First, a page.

The Bipartisan Budget Act of 2015, signed into law in November 2015, substantially changes the way the IRS may audit partnerships and, unless they’re not treated as partnerships for tax purposes, multimember limited liability companies (LLCs). The goal of the changes is to streamline the current partnership audit process.
The IRS acknowledges that partnership audits are difficult because the process can require auditors to calculate each partner’s share of any adjustment.
The new rules generally go into effect for tax years beginning after December 31, 2017. However, partnerships may generally be able to elect to apply the rules for tax periods starting after November 2, 2015, and before January 1, 2018.
Adjustments at the partnership level
In the most significant change, tax audits may be done and any resulting adjustments may be determined and collected at the partnership — rather than the partner — level. However, the law provides several ways some partnerships can opt out of this. This contrasts with most auditing procedures in place before the law passed. Under the old rules, for partnerships of up to 10 partners, the IRS generally audits individual partners.
For most partnerships of more than 10 partners, the IRS typically conducts what’s often referred to as a TEFRA (named after the Tax Equity and Fiscal Responsibility Act of 1982) proceeding to resolve issues best determined at the partnership level. Adjustments flow for the year of the audit to the partners, who may have to file amended returns for the year.
For audits of Electing Large Partnerships (ELPs), which are partnerships that have at least 100 partners, adjustments generally flow through to the partners for the year in which the adjustment takes place, rather than the year under audit.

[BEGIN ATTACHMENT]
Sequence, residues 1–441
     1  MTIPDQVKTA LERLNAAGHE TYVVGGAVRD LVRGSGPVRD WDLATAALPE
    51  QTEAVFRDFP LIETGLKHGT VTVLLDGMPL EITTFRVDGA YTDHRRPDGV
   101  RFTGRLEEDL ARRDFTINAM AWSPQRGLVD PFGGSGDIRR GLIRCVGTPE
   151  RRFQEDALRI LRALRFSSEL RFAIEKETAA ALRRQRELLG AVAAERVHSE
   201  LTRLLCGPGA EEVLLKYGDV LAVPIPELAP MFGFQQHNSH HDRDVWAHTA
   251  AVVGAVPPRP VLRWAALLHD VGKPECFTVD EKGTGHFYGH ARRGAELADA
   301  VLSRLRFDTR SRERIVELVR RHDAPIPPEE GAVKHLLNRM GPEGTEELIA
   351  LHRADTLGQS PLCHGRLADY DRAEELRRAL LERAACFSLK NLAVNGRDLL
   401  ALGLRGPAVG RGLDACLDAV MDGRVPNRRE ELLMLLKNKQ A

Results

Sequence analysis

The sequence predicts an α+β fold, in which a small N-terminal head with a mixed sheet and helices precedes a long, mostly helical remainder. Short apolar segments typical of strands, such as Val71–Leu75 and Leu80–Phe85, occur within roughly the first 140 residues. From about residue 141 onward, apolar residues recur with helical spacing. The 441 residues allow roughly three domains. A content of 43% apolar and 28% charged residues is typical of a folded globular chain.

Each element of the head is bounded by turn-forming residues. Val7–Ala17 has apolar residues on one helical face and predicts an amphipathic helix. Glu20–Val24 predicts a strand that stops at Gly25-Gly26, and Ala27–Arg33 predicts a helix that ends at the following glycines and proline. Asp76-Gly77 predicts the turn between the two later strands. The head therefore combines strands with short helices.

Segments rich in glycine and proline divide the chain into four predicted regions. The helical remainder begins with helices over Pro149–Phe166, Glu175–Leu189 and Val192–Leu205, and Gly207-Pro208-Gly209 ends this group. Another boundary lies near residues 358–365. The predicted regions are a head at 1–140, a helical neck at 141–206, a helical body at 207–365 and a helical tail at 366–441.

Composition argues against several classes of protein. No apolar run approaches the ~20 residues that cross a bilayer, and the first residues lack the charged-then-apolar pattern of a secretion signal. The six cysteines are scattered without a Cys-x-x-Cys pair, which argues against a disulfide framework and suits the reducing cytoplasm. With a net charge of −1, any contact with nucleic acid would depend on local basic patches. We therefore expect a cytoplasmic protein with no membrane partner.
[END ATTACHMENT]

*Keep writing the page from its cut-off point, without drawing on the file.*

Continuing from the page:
The new rules provide a single set of procedures for most partnerships. In addition, many adjustments would be assessed in the year the audit is completed, and not for the year under review.
However, partners typically won’t be subject to joint and several liability for partnership adjustments. (Under joint and several liability, each party is independently liable for the entire amount of a relevant claim.)
In addition, the law provides some exceptions. Rather than have adjustments assessed at the partnership level, a partnership can decide to issue adjusted Schedules K-1 for the reviewed year to its partners who were members of the firm during the year under audit. This could include partners who are no longer with the firm. The partnership must elect to do this no later than 45 days after the adjustment is made. The partners for the year under review would need to pay any additional tax and amend their returns for that year.
In addition, partnerships of 100 or fewer partners typically can opt out of partnership-level audits, so long as its partners are either individuals, S corporations, estates, C corporations or foreign entities that would be treated as C corporations. The partnership would need to make this election each year.
Partnership members should review their operating agreements to see what revisions they should make in light of these changes. For instance, since the new rules can bind partners to a decision made by one representative who has sole authority to act on behalf of the partnership, partnership members should define the limits of this person’s role and authority. The agreements also will need to account for the fact that, under the new rules, partners could be liable for adjustments stemming from years in which they weren’t members of the partnership.
Working it out
The revised partnership audit rules are complex. They are expected to make it easier for the IRS to perform audits so large partnerships and multimember LLCs may be at a greater risk of being audited. Additional guidance is expected to come out on the new rules this summer. Your accounting professional can provide additional guidance on the impact of these changes.